“It’s always good when you have a targeted market and, better yet, you know how to reach them,” second-year Dragon Arlene Dickinson, owner of Calgary-based marketing firm Venture Communications, advised one entrepreneur in the Den. It sounds like common sense but it’s sage counsel, considering how many entrepreneurs don’t get the formula right. Like Canada geese flying south for the winter, every business needs to know where it’s going and how it’s going to get there. The rule applies in all aspects of business, but most importantly in sales and marketing: you can’t sell a product if you don’t know who would buy it (target market) or how to reach them (marketing message/media and distribution channels).

Like gazelle, giraffes can run fast and appear to be sleek from the shoulders down. Too bad their head is in the clouds, with an unrealistic understanding of and expectations for their business venture—which makes it hard to sell to investors. Giraffes—or what O’Leary calls “mad scientists”—include all engineers who can develop an amazing product but lack the business acumen to take it to market. But there is hope for any giraffes who recognize the shortcomings of being so intellectually aloft; partner with someone who does have strategic and operational expertise, and you might have a perfect combination of ingenuity and business smarts. In fact, it might be easier for an engineer to find an executive than the other way around. The best example of this phenomenon in Season 3 of the show comes from a teenaged genius who has invented a new energy-efficient mode of transportation. Although he lacked business acumen, all five Dragons funded him, knowing their own experience and expertise in areas from sales to strategy could fill the gap and dramatically increase the venture’s chances of success.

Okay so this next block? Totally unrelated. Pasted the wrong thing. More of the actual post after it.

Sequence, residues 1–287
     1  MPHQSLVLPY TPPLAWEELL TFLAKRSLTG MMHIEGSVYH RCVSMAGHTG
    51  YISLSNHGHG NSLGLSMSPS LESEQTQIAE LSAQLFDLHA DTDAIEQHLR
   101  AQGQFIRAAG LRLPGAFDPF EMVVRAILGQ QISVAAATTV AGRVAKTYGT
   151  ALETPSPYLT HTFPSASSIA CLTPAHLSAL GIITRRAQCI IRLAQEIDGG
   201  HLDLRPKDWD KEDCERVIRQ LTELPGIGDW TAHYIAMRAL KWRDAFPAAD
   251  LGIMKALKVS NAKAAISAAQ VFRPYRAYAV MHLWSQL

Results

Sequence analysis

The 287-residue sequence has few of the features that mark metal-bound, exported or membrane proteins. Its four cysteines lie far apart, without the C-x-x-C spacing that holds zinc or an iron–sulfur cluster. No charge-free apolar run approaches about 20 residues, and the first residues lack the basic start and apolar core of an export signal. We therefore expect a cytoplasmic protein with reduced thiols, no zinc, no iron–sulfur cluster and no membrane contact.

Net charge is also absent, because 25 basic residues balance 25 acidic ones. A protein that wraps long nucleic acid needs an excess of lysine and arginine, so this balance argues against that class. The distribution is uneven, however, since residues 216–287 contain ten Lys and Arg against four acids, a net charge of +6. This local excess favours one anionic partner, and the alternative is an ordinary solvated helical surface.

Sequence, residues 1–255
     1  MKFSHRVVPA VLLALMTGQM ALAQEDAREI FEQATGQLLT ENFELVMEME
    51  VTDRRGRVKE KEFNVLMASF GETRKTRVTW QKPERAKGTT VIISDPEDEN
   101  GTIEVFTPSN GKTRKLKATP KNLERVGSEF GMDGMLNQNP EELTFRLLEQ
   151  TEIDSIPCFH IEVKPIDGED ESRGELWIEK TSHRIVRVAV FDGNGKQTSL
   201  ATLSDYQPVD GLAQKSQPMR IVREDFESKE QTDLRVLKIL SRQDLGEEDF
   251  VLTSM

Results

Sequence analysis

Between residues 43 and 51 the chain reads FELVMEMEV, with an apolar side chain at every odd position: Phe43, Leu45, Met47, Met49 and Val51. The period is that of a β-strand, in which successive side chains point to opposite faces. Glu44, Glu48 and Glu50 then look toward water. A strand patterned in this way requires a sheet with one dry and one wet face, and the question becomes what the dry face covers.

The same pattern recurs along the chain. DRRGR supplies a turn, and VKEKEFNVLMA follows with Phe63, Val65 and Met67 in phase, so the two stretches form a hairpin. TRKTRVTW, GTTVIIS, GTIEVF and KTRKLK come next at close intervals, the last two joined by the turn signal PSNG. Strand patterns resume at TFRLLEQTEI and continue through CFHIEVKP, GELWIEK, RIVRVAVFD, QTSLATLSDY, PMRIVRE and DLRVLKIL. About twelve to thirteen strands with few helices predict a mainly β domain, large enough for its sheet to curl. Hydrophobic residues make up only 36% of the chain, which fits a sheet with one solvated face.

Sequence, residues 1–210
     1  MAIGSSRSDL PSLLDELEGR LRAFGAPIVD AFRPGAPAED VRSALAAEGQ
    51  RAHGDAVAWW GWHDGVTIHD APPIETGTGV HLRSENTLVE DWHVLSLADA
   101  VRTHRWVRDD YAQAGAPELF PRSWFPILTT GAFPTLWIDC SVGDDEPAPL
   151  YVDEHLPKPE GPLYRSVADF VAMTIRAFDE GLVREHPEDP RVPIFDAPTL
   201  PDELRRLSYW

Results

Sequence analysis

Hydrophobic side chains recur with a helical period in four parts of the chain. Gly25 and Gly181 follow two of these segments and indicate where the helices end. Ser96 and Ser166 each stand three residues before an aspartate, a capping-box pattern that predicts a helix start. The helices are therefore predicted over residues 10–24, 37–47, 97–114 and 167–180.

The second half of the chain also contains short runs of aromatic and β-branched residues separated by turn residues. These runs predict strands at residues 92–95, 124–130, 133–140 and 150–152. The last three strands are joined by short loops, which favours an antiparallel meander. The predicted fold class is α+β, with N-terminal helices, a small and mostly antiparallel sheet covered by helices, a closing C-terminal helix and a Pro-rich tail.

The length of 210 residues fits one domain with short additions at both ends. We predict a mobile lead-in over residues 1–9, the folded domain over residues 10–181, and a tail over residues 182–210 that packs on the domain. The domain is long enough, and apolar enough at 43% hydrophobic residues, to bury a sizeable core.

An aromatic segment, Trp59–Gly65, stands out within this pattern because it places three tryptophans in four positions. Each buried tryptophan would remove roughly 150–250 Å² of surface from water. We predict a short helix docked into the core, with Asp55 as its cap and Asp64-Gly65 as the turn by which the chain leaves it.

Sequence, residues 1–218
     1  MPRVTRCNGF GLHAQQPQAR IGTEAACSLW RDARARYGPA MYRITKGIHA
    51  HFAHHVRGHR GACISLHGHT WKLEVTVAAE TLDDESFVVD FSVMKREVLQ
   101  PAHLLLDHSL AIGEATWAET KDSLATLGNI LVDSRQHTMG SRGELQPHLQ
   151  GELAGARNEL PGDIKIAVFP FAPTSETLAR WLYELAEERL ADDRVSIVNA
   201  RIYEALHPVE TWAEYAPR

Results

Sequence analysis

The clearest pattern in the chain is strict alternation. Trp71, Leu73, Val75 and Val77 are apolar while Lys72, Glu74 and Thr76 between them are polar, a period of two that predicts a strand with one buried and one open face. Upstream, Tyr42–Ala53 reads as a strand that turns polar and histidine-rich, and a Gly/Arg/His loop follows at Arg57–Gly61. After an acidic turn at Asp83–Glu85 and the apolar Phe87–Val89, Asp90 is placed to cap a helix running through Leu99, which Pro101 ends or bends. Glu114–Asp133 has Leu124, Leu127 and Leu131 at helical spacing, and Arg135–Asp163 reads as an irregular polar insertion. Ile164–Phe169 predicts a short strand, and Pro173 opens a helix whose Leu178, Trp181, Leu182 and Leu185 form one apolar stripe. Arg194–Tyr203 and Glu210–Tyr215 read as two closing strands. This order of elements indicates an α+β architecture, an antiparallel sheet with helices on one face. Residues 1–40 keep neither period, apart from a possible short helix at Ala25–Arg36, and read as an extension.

Ostriches have typically been in the business for at least a few years but have yet to make a sale, raise capital or even attract strategic partners. I call these founders ostriches because, like the flightless birds, they avoid danger by hiding their head in the sand—although “danger” in the Den means any suggestion that your business might not be as strong as you think it is. Case in point: when I asked one participant just before his presentation to the Dragons why he thought his business was valued at $10 million even though it had never generated a dollar in revenue, he denied the validity of my question. Too bad the Dragons probed the same issue and, well, you can guess the rest. If you are challenged with questions that you can’t answer, don’t try to hide; instead, go back to the drawing board, do some research and come back with the right answers. If you can’t, then maybe your business isn’t worth funding.

Slow, steady and never more than an appetizer—such are the characteristics of the snail in the eyes of investors. Snails run businesses that are often called “hobby ventures,” because they keep the founders happy but don’t generate the 10-times returns desired by angels and venture capitalists. “Every business that can scale, will,” O’Leary told the members of a family-run business that has stayed small for three decades. “If you’ve been at this for years and it hasn’t [scaled], there must be a good reason.”

When immersed in their element, sharks rule. But once they’re out of the water, they flounder. In the world of entrepreneurship, sharks are great businesses within their niche, but they’re unable to grow past it. The smaller the niche, the more market share you have to garner to generate big investment returns. And even if you do secure the lion’s share of the market, it may never be enough to deliver the multiples that private investors want. Outside of the Den, investors often call this the “cottage industry” problem.

Platypus

Evolution is supposed to ensure that only the strong survive. So, how does one explain the duck-billed platypus, which no one really understands and appears to contribute nothing to the gene pool?

In business, platypuses are ventures that look kinda neat but don’t solve a problem or, as Herjavec told one entrepreneur pitching an auto part, “No one knows they have the problem that you are trying to solve.”

We saw a lot of platypuses in the Den this year. Perhaps inventing solutions to problems that don’t exist brings fulfillment to people with a common strand of DNA. Too bad it will never bring them funding.

Originally appeared on PROFITguide.com